Critics forget how fairytales feed our humanity
Or not. In the 75 years since he penned those words, The Hobbit has sold more than 100 million copies. In its opening weekend, Peter Jackson’s first instalment of the movie version broke records around the world. Clearly there is something a little magical about Hobbits after all.
The interesting question, however, is what that magic is. Why should an English boffin’s fairytale of elves, wizards and dragons continue to command such devotion? What craving does it satisfy?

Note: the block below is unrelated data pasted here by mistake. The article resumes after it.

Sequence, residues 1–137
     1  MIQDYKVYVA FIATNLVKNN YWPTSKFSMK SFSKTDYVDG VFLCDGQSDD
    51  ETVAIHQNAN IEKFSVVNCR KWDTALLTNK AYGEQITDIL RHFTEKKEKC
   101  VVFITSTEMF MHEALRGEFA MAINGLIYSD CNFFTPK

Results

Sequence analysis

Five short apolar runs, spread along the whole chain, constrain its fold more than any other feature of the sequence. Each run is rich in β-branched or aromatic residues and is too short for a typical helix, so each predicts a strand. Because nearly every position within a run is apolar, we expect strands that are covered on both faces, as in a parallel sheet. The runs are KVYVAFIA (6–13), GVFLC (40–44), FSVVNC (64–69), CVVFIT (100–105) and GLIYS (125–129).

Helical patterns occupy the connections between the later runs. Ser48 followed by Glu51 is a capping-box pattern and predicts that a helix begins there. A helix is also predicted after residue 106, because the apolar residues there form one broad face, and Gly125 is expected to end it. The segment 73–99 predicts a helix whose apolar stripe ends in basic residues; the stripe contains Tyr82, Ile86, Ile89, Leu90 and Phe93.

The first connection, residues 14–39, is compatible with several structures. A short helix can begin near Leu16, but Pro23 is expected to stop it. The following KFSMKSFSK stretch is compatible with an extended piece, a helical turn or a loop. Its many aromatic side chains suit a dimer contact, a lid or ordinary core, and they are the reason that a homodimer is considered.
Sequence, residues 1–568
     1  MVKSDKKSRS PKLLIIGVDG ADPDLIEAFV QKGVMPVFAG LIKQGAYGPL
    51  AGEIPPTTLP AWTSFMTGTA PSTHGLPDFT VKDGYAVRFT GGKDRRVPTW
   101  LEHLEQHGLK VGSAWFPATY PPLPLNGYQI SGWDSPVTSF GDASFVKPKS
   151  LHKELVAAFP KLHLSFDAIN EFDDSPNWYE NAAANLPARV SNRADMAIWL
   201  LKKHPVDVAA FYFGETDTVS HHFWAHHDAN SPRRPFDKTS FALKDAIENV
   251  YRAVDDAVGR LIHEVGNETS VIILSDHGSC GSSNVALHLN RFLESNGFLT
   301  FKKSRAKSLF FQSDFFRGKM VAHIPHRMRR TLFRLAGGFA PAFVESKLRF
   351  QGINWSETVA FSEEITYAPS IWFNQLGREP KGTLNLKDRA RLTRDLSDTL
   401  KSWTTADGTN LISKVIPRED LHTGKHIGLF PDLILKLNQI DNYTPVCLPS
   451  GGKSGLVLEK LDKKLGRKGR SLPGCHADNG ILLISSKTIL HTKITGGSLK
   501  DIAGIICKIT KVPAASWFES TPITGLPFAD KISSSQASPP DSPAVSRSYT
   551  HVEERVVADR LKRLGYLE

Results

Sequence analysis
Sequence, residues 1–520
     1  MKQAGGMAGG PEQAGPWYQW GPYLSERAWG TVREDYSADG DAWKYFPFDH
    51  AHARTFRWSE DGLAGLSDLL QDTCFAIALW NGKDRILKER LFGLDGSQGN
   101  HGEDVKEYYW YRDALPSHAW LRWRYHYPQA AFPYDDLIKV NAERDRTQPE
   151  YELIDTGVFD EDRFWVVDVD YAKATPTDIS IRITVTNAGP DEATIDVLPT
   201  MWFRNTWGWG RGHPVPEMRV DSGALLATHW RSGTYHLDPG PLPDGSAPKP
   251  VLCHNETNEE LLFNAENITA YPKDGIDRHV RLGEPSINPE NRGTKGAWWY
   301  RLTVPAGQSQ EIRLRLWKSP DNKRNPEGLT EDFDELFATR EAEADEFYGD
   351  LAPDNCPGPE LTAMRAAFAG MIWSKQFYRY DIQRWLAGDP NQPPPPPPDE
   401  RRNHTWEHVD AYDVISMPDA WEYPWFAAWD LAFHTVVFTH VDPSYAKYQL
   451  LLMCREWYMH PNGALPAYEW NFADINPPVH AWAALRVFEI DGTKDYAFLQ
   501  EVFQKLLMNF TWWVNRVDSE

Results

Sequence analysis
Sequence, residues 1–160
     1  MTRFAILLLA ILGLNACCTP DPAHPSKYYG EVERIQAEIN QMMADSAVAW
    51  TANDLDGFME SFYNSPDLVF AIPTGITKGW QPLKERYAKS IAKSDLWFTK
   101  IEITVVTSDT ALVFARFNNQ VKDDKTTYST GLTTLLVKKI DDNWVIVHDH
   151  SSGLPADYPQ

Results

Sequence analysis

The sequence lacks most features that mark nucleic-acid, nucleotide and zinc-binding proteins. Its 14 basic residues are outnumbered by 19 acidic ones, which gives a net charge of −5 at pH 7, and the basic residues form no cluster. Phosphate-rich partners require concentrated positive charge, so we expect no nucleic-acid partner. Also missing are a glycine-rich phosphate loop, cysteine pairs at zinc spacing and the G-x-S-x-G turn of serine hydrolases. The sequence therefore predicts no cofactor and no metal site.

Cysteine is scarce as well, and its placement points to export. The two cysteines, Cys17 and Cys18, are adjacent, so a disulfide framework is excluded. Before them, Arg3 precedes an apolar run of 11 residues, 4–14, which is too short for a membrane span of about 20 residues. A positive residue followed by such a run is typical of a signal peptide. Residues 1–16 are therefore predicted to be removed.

To its literary critics, The Hobbit’s success is simply a sign of widespread immaturity. The story, with its faux mediaeval cadences and reactionary archetypes, is mere escapism – intellectual comfort-food for the politically disengaged.Posted in Hobbit Book, Hobbit Movie, J.R.R. Tolkien, The Hobbit, Tolkien on January 2, 2013 by Demosthenes
Source: The Age